Recently, when perusing the Apartment Therapy website, I came across an old post entitled “Don’t Fall for It: 5 Things You Really DON’T Need At Home.”
Topping the list: Top sheet.
“Forgoing a top sheet has made zero difference in my sleeping comfort, but a major difference in my laundry load and morning bed-making time. I’m a convert,” wrote contributor Jennifer Hunter.
Well, that woke people up. Many, many people. In the comments section, they voiced some very strong opinions for or against top sheets. Who knew?
Among the comments, edited:
For: “I cannot do without my top sheet. Take that away and civilization goes with it.”
Against: “I hate hate hate the top sheet!! I get all twisted up in it and it always ends up at the bottom of the bed in a ball.”
For: “The top sheet is my favorite thing, especially in summer. A crisp percale sheet is like a soothing, cool cocoon.”
Against: “Hate how it gets all tangled around me! Sure, I have to wash my duvet cover more often – but I’m good with that.”
Of course, a variety of factors come into play here. What is the top layer? A blanket of some sort? A comforter? A down-filled duvet with a removable washable cover?
Growing weary of wading through more comments, I turned to the book “Home Comforts: The Art & Science of Keeping House” By Cheryl Mendelson. It didn’t take long to find her opinion on the matter.
“I do not favor the new style of using no top sheet,” she wrote in a chapter called, I kid you not, “The Cave of Nakedness.”
“There are concrete reasons to use a top sheet: it is more comfortable, cleaner, and more convenient,” she wrote. “Sheets are designed to be comfortable next to your skin, and there are many different types of sheets to suit many different tastes (she tackles that in another chapter with a more yawner of a title, “Beds and Bedding.”)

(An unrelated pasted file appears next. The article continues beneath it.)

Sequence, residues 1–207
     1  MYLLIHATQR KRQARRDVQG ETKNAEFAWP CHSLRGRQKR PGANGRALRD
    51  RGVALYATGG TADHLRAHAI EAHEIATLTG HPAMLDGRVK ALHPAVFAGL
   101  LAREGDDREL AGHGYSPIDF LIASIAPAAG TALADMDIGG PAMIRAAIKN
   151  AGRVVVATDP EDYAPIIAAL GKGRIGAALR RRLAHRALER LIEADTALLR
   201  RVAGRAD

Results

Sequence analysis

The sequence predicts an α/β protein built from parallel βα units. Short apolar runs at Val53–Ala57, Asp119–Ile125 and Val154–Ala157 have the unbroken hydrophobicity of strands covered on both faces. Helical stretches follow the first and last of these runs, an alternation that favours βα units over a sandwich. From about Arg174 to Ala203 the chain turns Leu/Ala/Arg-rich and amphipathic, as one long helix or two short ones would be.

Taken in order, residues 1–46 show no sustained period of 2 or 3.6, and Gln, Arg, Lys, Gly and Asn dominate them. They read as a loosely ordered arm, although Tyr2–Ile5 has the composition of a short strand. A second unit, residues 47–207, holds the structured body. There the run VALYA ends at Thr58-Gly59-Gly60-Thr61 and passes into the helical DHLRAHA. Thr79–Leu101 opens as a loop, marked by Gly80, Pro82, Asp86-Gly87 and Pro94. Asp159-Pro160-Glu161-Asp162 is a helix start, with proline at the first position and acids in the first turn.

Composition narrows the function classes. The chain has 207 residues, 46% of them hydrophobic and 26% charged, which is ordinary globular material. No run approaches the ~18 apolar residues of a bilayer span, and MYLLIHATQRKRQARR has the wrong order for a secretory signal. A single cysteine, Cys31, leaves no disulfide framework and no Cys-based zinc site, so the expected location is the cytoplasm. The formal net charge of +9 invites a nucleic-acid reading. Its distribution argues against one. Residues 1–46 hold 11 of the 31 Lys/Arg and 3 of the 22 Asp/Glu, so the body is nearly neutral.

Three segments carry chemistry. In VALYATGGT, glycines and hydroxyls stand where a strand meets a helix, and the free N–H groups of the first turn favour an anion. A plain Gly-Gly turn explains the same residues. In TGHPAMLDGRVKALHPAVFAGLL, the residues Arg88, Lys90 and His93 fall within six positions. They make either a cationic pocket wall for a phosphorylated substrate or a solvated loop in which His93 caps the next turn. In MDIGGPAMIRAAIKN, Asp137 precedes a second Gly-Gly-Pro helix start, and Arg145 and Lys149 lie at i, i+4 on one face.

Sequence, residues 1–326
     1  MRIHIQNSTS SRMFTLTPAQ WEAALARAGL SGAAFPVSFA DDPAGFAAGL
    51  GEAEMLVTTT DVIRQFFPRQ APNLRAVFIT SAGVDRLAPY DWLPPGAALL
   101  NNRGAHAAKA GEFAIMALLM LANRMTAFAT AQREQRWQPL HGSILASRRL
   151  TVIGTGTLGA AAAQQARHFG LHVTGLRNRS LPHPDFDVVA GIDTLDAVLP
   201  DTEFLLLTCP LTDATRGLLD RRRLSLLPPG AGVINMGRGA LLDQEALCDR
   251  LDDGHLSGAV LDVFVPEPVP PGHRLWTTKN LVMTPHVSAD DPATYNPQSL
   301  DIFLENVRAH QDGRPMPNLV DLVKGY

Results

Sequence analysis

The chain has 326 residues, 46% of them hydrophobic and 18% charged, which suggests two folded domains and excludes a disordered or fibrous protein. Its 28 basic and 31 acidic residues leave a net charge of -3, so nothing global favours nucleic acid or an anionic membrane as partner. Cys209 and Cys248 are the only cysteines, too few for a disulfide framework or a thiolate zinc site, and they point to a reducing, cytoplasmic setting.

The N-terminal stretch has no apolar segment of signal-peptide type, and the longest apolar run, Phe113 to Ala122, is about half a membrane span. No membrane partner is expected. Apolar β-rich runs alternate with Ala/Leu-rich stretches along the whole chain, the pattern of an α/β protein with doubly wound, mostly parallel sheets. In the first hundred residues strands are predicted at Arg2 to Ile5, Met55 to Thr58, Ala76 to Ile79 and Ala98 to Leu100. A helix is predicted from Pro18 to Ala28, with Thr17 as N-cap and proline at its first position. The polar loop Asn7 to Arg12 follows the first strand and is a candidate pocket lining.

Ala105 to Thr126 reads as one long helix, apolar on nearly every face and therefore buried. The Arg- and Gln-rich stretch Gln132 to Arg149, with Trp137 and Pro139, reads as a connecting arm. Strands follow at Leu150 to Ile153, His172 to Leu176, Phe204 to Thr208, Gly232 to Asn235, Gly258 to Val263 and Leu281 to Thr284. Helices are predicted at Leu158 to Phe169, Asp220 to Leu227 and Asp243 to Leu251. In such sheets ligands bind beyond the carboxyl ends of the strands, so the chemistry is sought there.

Blankets, quilts and comforter covers are less skin-friendly, she noted.
Furthermore, she continued, “not only are sheets – good sheets – meant to feel good on your skin, they are meant to save you the trouble of having to launder your blankets or other warm covers every week or more often.”
I very much prefer a top sheet – and not only because it’s so much easier to fold than the fitted bottom sheet. Plus, if it’s a patterned sheet, which was usually the case with our daughter’s sheets (pink flamingos!), I stick with the method of placing the wrong side up so that when the top hem is folded down over the blanket, the print pops into view – just as my mother taught me and just as Mendelson advises.
Oh, and just in case you are wondering what the other four items were on Apartment Therapy’s list of “5 Things You Really DON’T Need At Home,” here they are: Place settings for 12; specialized cleaning products; matching night stands or lamps, and ALL those knives that come in a set.
The topic of top sheets is far more interesting. Maybe that’s why it topped the list.